I’m a startup, what should I do about security?
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I’m a startup, what should I do about security?

Chris Wallis

Being a startup is difficult. You don’t have the budget to do everything like a big corporate, but if you don’t appear to be doing things properly, no one will buy from you. This is especially true when it comes to security. Doing security properly costs money that few startups have, but customers expect security by default these days. Giving them the idea that their data is not secure with you can lose you a sale, and a breach could cost you your business (as it did for the bitcoin exchange Mt. Gox).

So how can startups toe the fine line between protecting customer data, without sacrificing too much of their all important cash flow. Well, like with everything else it’s a balance; but you need to know what the important weights are.

Before you do anything else, understand what security means to you. If you’re offering payment services, confidentiality and integrity of your data and availability of service are all equally important. If you’re making an advertising platform, availability and confidentiality are important, but the integrity of your platform (protection against unauthorised changes) would take a higher priority. For example, imagine that hackers replace your adverts with unsavoury content; this would probably make news headlines, and who would buy from you after that? Understanding your priorities can then help you decide where to invest your precious cash, whether it’s on anti-DDoS solutions, or application penetration tests.

Before you spend anything though, it’s worth noting there are some good free services out there; Cloudflare has a free tier that can help against basic DDoS attacks and Let’s Encrypt offer free SSL/TLS Certificates. Unfortunately, free services can only get you so far, and it won’t be long until customers start asking for your penetration test reports.

Delaying a penetration test until customers start asking for evidence may well be tempting. However, be careful going down this route as the more you develop your product the more you are potentially building on a weak foundation. This can lead to products so full of weaknesses that the effort to remediate can equate to starting the whole thing from scratch.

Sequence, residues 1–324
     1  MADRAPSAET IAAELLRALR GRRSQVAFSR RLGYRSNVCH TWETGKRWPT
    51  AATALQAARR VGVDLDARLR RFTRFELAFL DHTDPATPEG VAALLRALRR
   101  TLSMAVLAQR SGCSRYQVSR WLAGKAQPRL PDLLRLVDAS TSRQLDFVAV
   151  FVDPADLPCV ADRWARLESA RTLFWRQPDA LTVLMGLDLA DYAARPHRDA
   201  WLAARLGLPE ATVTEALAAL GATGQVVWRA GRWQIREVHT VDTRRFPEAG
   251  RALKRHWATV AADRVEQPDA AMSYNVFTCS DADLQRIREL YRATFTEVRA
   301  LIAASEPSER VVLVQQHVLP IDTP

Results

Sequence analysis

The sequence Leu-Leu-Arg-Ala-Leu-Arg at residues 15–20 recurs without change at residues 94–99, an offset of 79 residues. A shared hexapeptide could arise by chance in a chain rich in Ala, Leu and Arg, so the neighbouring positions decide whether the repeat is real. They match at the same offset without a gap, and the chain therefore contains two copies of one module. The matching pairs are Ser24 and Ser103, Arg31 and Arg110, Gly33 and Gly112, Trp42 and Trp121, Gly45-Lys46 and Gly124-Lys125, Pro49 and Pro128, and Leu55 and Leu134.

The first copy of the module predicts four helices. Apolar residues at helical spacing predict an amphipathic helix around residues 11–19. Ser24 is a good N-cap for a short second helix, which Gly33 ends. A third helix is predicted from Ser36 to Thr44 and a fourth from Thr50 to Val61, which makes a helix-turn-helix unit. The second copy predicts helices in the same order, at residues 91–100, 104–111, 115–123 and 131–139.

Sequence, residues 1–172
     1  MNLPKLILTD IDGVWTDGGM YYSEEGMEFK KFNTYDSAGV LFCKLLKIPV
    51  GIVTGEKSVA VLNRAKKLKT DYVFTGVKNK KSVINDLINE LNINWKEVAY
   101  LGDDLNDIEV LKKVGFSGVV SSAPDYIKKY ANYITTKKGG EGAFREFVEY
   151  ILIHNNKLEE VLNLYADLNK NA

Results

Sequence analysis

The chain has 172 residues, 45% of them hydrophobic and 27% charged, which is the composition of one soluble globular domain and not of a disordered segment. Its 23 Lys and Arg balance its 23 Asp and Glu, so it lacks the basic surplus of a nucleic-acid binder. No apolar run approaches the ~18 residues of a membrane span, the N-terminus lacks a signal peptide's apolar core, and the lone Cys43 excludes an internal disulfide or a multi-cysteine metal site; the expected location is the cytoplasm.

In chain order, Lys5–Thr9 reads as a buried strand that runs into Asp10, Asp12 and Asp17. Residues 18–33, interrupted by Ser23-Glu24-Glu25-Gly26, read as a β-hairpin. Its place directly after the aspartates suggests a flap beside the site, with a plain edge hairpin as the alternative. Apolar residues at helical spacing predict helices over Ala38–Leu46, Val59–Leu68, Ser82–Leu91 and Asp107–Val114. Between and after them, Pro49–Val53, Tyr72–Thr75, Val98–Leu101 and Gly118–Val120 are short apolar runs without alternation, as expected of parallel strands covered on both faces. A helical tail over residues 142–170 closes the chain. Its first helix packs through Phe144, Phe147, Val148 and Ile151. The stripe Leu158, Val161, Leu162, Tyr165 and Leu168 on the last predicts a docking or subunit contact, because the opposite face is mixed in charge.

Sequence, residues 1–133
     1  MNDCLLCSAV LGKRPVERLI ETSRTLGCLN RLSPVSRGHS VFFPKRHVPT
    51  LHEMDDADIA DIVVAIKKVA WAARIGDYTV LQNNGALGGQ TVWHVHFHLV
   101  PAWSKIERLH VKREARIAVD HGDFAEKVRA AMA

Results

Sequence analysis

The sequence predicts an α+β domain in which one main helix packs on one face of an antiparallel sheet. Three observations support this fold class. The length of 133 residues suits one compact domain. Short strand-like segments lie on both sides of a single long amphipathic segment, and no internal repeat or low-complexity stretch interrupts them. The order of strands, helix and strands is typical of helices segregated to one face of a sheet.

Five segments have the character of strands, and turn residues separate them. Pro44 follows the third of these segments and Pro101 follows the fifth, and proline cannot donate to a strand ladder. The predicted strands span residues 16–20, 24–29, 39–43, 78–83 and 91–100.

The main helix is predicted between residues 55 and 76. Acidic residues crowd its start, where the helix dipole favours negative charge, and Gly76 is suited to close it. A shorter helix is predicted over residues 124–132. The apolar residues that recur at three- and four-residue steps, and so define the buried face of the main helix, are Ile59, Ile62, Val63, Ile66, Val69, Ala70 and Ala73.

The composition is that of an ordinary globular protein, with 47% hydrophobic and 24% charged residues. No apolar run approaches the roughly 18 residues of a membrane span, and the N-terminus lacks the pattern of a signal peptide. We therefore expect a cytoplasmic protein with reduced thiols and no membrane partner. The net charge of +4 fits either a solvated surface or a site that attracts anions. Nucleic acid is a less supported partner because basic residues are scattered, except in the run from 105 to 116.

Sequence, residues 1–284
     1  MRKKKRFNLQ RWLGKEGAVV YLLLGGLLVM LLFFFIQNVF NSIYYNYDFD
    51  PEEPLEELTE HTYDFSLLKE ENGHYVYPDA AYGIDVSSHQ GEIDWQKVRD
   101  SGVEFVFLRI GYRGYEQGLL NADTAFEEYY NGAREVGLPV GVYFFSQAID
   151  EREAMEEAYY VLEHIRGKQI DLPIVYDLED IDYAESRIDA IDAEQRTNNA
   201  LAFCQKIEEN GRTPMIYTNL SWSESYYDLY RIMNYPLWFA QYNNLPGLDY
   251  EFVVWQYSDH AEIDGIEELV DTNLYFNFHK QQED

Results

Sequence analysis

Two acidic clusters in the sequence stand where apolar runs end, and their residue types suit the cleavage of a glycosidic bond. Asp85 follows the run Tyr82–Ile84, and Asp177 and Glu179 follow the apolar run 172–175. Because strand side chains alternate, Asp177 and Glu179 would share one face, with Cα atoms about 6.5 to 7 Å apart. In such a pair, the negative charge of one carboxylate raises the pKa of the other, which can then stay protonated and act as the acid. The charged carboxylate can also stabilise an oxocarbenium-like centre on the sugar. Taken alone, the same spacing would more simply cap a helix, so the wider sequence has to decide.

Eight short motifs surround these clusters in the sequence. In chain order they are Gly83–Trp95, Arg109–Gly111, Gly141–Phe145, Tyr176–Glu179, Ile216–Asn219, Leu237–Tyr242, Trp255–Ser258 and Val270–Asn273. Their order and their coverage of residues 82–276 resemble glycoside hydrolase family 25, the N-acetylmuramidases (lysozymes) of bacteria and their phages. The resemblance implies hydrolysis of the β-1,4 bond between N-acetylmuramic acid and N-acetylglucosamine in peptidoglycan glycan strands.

Three particular principles are often the culprits in such situations, and should be paid careful attention to during early development stages. These are: Authorisation, Input Validation and Output Escaping, which if ignored can lead to weaknesses like ‘authorisation bypass’, ‘SQL injection’ and ‘Cross-Site Scripting’ which can pervade your entire application, and may lose you that all important customer when they come knocking. Going into detail on each of these would require an article in its own right, but Google can be your friend here, as the ways to implement these three key controls will differ depending on your programming stack.

Another key principle when developing applications, particularly mobile apps where it is easily forgotten, is to never trust anything sent from the user. It sounds unfriendly, but a common mistake is to assume they can’t edit data you give them, for example the value of their shopping basket, when in actual fact they fundamentally have the ability to bypass client-side checks and manipulate any data they send you. For this reason, it is important to ensure controls like authorisation checking and input validation are implemented on the server-side.

Although penetration testing is often seen as the holy grail of security assurance, bear in mind that you can probably only afford to have it done once or twice a year. But if you offer services via the internet, your applications and infrastructure are effectively exposed to a warzone, and the attacks are evolving as much as they are relentless. This is where continuous monitoring services like Intruder can provide you with ongoing assurance, despite the regular changes to your network and applications that are part and parcel of modern agile development.

Security is a huge topic and compared to the mountain of information out there this article is only the lightest of overviews. Hopefully at least it has given you some indication at least of which paths to start walking down. If you’d like any clarifications or further advice, please don’t hesitate to get in touch.

Written by

Chris Wallis

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